Op-Ed: Opioids, Used Properly, Can Help End the Opioid Crisis | Medpage Today by Errington C. Thompson MD – September 08, 2016
To my knowledge, there has not been a cohesive strategy devised for how to combat narcotic abuse, but simply telling physicians, as the FDA and CDC have done recently, not to prescribe narcotics is not the right answer.
Whether or not chronic pain could be better controlled without the use of narcotics is debatable, but physicians have an obligation to control acute pain, and narcotics must be in a physician’s armamentarium if we are going to do so and meet our patients’ expectations, which is to control acute pain, and quickly.
Once we assess a patient’s acute pain level and why it is there, physicians can call upon a relatively long list of medications of differing classes that address the various components of pain.
- anti-inflammatory drugs like ibuprofen,
- anti-anxiety drugs,
- muscle relaxers,
- epidural anesthesia,
- nerve blocks, and
are just a few of the classes of drugs that can be used to treat acute pain.
Each one of these classes of drugs manages specific, but limited aspects of the pain complex, and each has a laundry list of side effects, which are well known to physicians.
There are multiple narcotics that can be used to control pain.
Narcotics act quickly.
If the physician can choose the right narcotic at the right dose, a patient who has excruciating pain can be comfortable within minutes.
The challenge, of course, is that all narcotics can be addictive. Narcotics have other side effects as well, including nausea, vomiting, dizziness, somnolence, impaired judgment, and low blood pressure.
Yet, their rapid onset and ability to adequately relieve acute pain make narcotics indispensable
Facing a patient with acute pain, what is the physician to do?
For the most part, patients would like for their pain to be controlled within minutes of arriving at the hospital. No patient wants to wait 24–48 hours before his or her pain is adequately controlled.
Thus, in my practice, I aim to control a patient’s pain in the ER and find that for about 90% of my patients, I am able to do so with a combination of muscle relaxers, acetaminophen, and narcotics.
The side effects from this combination are usually minimal.
When a patient arrives at the hospital in acute pain from trauma, I can generally expect that she or he will require some combination of medication, and for several days, sometimes for several weeks, depending on the cause and intensity of pain.
Like acute pain, chronic pain is real; its management is as complex as the pain itself. But it does need to be managed effectively, and it is important to recognize that not all chronic pain patients become addicted to narcotics.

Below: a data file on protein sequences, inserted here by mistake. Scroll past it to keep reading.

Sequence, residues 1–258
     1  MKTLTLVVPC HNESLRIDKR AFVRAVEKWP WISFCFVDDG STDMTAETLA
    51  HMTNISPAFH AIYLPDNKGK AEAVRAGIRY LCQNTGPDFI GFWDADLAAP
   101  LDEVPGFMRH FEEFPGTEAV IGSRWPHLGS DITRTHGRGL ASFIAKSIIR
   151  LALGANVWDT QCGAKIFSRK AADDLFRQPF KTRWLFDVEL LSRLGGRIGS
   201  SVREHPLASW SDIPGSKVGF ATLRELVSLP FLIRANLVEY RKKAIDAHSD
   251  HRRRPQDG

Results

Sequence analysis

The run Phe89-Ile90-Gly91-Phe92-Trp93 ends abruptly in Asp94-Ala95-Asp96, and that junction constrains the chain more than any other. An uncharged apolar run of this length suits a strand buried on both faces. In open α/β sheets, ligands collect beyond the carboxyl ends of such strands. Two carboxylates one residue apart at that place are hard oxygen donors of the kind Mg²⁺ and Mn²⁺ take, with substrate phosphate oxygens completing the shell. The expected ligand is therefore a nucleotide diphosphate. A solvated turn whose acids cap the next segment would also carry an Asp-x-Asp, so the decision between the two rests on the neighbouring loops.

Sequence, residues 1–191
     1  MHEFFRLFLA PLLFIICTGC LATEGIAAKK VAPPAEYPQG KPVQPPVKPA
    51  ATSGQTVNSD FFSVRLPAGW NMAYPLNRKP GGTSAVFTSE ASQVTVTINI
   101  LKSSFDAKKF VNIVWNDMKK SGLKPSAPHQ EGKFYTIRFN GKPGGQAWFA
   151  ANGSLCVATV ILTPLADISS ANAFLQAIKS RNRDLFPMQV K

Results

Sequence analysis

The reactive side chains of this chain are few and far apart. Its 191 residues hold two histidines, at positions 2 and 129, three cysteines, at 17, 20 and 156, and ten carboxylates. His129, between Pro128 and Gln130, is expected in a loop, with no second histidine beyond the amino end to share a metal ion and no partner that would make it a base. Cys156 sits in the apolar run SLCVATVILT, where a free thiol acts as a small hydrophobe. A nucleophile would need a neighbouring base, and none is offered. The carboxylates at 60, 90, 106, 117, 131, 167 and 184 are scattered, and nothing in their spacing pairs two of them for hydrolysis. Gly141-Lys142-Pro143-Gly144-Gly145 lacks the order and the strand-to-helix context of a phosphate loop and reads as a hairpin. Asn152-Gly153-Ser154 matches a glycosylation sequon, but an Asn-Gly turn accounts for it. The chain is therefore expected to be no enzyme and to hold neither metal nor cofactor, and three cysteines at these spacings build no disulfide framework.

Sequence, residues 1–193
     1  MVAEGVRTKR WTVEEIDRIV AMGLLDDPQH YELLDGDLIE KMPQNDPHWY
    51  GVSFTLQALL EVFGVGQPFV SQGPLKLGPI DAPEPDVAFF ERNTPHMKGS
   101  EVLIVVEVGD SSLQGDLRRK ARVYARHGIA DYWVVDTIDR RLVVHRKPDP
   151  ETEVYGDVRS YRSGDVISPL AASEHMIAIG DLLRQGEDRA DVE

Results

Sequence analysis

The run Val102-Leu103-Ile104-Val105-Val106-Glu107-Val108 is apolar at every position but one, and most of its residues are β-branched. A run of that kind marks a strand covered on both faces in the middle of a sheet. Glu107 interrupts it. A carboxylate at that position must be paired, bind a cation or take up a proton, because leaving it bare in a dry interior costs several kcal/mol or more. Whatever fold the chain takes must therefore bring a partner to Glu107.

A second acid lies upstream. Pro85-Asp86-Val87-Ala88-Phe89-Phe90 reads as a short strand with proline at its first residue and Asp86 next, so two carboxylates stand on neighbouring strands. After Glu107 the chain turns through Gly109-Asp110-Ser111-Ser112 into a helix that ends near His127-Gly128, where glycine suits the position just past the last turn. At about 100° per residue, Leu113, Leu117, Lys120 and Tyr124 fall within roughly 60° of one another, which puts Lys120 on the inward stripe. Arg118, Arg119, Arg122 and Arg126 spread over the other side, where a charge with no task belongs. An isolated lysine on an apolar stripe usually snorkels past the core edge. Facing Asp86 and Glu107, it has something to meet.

Chronic pain patients who do become addicted to narcotics often appear to “need” them early on more than other patients do. As time marches on and as their injuries heal, these patients do not seem to be able to wean themselves off of the narcotics.
But here is a conundrum, some patients, 2-4 weeks after injury, begin to require more pain medication instead of less.
We need to exercise caution here. It would be easy to label all patients who require more pain medication as chronic pain patients who have become addicted to the medication, but, unfortunately, this is not the case.
Some patients — a small number — require more pain medication because they are actually doing more. They are moving more, they are working better with physical therapy, and so on.
As we try to tackle the prescription narcotic epidemic in the United States, we need to remember that there is distinction between acute pain and chronic pain. The treatments are also different.
We need to remember that not all sufferers of chronic pain abuse medication.
We need to recognize that narcotics, along with other medications — muscle relaxers, nonsteroidal anti-inflammatory drugs, and anti-anxiety medications — are perfectly appropriate and necessary for controlling acute pain. In patients suffering from chronic pain, medicine has yet to find the right solution to this terrible problem.
It is critical to recognize that all chronic pain is not the same and therefore cannot be treated in the same way.
Yet the CDC has stipulated arbitrary dose limits, as though all individuals were the same.
Chronic pain from cancer, for instance, should not be treated in the same way as chronic pelvic pain or chronic back pain. Narcotics are probably appropriate in a dying cancer patient who has chronic pain but, as with all medications, the risk and benefits to that particular patient must be balanced.
A discerning physician, assessing the severity of the patient’s symptoms and the patient’s expectations, will address this balance while at the same time aiming to control the patient’s pain with a full armamentarium of therapeutic modalities.
Solving this nationwide narcotic epidemic will require the cooperation of many, including faith-based organizations, community organizers, law enforcement, government officials, and the smartest minds in healthcare
In the meantime, physicians require narcotics in their treatment toolboxes in order to adequately address acute pain, in a timely manner, and with the hope of mitigating it so that it does not become chronic pain.
This brings me back to my ER patient with the acute pain and no satisfactory relief: it took about two hours, but I was able to control this patient’s pain with a combination of short-acting and long-acting oral narcotics, plus muscle relaxers and acetaminophen.